Design

The Latitude 5000 series does not have the sleek lines of an ultrabook, but rather the understated look of a business class PC. The exterior of the device is matte black, with a soft touch top. The hinge will open 180° but the device does not sit flat when opened to that degree. Overall, it is a fairly pedestrian design as compared to some of the flashier devices sold by others, but it would not look out of place in a board meeting. I am a fan of smaller laptops, so the 12.5 inch model is a good fit personally, but those wanting more real estate can look at the 14 and 15 inch models that are also available.

One thing that stands out on the E5250 model is the amount of display bezel, which feels even more pronounced after seeing the Dell XPS 13 at CES. The sides are not too bad on this laptop, but the top and bottom bezels are very large in order to cover the keyboard and trackpad. There is so much space there that the device is almost asking to have a taller display available, but it seems like the 16:10 display fight has been lost. It is really too bad, especially on a business notebook where spreadsheets and documents would really benefit from the taller display, as opposed to consumer versions where they may be used with more video content. It is hard to fault Dell here though, as it is likely the availability of 16:10 displays has diminished quite a bit, but Apple is still outfitting its laptop line with 16:10 so they are still out there.

One positive element from Dell is the keyboard. Another benefit of not going for the slimmest device ever made is that there is sufficient room to fit a good keyboard. The keyboard in the Latitude E5250 is to be commended with good travel, solid feel, and a nice amount of resistance. It is one of the highlights of this device, especially after becoming accustomed to the keyboards in a traditional ultrabook. The model we received does have optional backlighting but my only complaint with the backlighting is that it does turn itself off rather quickly. Swiping the trackpad will bring the lights back on, and the timeout is configurable in Dell's software.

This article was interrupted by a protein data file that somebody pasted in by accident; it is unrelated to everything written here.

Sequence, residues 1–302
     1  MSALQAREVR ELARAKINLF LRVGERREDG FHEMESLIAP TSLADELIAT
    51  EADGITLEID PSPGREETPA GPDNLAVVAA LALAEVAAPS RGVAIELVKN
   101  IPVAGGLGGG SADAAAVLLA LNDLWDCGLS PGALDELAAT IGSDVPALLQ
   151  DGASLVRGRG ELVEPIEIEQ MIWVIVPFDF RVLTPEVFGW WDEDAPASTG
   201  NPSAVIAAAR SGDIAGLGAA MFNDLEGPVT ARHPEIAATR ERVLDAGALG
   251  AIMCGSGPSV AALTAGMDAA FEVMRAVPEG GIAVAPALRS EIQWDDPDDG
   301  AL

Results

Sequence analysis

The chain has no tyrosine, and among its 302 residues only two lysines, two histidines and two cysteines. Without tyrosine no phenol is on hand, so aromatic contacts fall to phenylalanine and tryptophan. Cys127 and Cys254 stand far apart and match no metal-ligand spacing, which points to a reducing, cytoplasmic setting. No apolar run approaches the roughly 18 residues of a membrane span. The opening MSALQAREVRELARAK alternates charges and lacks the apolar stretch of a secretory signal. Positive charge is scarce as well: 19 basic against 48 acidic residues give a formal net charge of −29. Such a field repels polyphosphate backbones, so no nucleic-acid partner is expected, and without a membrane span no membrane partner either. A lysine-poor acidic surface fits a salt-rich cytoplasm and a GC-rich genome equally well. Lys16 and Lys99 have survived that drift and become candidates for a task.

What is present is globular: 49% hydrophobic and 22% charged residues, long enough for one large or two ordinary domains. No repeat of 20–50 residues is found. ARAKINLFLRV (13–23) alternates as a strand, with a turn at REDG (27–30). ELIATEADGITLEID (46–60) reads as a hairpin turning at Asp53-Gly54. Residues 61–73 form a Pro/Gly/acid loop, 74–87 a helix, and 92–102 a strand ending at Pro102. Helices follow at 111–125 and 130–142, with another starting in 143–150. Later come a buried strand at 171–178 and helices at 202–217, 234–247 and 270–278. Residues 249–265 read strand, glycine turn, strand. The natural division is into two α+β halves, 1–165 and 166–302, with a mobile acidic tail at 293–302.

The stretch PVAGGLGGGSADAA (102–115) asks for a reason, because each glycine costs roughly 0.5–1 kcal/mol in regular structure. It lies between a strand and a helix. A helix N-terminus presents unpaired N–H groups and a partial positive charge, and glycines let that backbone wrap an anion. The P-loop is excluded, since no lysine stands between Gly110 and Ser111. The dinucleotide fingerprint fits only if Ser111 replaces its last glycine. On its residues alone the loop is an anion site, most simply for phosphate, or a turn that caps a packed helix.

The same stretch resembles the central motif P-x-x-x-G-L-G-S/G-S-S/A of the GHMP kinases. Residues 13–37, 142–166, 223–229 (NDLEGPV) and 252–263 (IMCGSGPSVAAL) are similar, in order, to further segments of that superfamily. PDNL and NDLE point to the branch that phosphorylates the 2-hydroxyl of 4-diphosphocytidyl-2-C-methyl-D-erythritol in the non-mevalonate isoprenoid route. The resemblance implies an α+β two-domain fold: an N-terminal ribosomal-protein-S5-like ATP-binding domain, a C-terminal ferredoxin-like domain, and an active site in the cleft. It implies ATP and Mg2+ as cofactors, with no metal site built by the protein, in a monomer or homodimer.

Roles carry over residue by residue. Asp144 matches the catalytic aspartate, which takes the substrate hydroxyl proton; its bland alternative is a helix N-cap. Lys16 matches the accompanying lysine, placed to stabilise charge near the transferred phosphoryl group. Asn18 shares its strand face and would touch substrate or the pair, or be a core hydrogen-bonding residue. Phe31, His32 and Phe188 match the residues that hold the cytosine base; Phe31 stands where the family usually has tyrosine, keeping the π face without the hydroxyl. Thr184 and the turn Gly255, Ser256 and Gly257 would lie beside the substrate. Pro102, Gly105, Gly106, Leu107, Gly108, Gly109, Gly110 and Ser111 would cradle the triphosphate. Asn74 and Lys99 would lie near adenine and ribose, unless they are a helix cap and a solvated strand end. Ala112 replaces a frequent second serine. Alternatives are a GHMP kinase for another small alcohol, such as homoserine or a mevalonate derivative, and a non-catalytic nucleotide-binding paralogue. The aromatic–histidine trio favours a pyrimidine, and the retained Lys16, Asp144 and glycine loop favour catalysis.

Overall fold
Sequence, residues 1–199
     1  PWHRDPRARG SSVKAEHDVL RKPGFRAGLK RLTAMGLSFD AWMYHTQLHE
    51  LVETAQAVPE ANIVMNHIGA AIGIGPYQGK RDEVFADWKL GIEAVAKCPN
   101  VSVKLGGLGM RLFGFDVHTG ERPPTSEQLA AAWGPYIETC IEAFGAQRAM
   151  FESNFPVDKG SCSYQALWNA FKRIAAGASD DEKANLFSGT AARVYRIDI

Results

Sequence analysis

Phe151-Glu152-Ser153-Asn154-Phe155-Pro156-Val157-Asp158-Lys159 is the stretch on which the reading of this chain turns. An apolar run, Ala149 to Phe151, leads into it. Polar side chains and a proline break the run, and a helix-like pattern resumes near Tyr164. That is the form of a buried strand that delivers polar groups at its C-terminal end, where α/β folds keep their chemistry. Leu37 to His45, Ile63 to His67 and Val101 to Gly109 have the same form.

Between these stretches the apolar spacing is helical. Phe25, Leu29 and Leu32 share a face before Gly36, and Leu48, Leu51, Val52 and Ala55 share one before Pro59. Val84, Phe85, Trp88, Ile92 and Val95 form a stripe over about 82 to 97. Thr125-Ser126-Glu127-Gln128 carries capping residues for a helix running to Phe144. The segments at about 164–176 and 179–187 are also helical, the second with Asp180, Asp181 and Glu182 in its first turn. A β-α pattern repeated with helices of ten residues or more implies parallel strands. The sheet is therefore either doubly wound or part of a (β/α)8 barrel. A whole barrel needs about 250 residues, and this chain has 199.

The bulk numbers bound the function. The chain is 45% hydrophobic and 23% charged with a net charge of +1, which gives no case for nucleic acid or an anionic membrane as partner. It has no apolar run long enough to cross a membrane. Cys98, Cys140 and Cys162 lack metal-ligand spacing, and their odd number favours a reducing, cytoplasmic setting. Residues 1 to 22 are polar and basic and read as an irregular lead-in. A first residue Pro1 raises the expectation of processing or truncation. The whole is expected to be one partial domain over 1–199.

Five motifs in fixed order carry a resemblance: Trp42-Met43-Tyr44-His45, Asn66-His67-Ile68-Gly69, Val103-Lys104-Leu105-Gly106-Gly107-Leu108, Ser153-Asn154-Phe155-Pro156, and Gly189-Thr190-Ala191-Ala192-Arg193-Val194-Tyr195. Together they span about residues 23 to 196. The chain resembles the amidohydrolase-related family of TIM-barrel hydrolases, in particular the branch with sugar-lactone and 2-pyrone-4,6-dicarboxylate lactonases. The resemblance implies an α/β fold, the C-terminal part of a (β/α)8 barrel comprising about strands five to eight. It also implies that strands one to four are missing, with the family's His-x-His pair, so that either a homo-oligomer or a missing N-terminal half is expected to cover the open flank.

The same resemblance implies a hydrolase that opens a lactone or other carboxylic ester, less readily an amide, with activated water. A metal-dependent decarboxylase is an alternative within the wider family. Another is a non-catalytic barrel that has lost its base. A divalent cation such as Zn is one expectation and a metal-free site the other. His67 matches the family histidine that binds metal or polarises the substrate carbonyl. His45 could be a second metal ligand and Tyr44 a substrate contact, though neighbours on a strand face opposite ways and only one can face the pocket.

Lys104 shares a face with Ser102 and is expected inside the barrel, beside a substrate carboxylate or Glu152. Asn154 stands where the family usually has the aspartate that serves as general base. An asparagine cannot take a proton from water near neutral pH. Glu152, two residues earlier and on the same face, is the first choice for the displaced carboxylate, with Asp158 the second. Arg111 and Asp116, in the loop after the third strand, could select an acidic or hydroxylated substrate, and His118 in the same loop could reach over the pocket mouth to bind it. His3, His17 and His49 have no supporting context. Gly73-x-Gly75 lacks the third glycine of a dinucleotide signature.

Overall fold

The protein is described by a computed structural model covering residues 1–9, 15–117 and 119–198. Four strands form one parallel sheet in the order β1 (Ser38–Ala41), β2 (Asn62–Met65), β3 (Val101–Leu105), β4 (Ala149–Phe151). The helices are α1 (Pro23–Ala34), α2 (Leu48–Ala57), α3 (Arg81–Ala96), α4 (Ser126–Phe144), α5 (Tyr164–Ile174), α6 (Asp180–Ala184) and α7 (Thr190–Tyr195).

Speaking of the trackpad, it is one of the better trackpads I have used. ALPS seems to be the maker, and Dell has their own custom software to configure it. The trackpad has a textured surface that is very easy to glide over but at the same time precise. It is not a clickpad either, with dedicated left and right click buttons underneath the trackpad. I personally prefer this, but it does give up trackpad real estate and on a smaller laptop like this it does restrict how large the trackpad can be. It is still a good device though, with smooth motion and accuracy that many devices lack. The trackpad supports up to four finger gestures, but out of the box only one and two finger gestures are enabled.

While the design of the Latitude 12 5000 is not as stunning as other devices like the XPS 13, it carries itself as a no-nonsense work machine, which is what it aims to be. All of the functional aspects of the device are top notch, with a positive keyboard and trackpad, and the thicker chassis allowing a real Ethernet port as well as a docking port. The weight is reasonable but not as light as some consumer focused devices. One aspect to push it on a more positive note would be if it was available as a 16:10 device as well.

Introduction System Performance
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  • nevertell - Monday, January 19, 2015 - link

    Is there a similar laptop with a non-ultra-low-voltage intel CPU ? In the sense that it would be 12" and have a nice keyboard with a pointing stick ?
    Cookie points for a quad. And a discrete GPU is not necessary, if anything, it only makes it worse.
    Reply
  • Taneli - Monday, January 19, 2015 - link

    Haswell quads start at 37w TDP, so it's highly unlikely that they fit chassis designed for 17w TDP ULT parts. Razer Blade comes probably closest, though it's larger at 14" Reply
  • Flunk - Monday, January 19, 2015 - link

    To get a pointing stick you preitty much need to buy an Thinkpad and the smallest Thinkpad that uses M-series instead of U-series processors is the ThinkPad T440p, which is a 14". Reply
  • LoneWolf15 - Monday, January 19, 2015 - link

    The Latitude 7000 series give the pointing stick. I continue to watch the E7240 and E7440; the E7440 or its successor will probably replace my ThinkPad T420 at some point.
    I'm waiting it out though --the T420 had almost everything (HDD, mSATA, switchable graphics, 16GB RAM capacity), incredible keyboard, and for the time, a 1600x900 display was good. Only thing I could use is a brighter display and a lighter system.
    Reply
  • DanNeely - Monday, January 19, 2015 - link

    Dell's gallery shows the 7240 and 7250 come without a pointy stick; the 13 detachable is also without. You have to go to the 14" models to get one. Reply
  • crimson117 - Sunday, January 25, 2015 - link

    Happily working from my T430s :) Reply
  • marvias - Monday, January 19, 2015 - link

    hp 2570p seems to be what you are looking for. But it has IVB, I am not aware of anything newer with haswell Reply
  • meacupla - Monday, January 19, 2015 - link

    You're probably looking for an Eurocom M4 Reply
  • eanazag - Monday, January 19, 2015 - link

    Macbook Pro 13? Install Windows on it. Reply
  • Taneli - Thursday, January 22, 2015 - link

    Dual core ULV parts only. Reply

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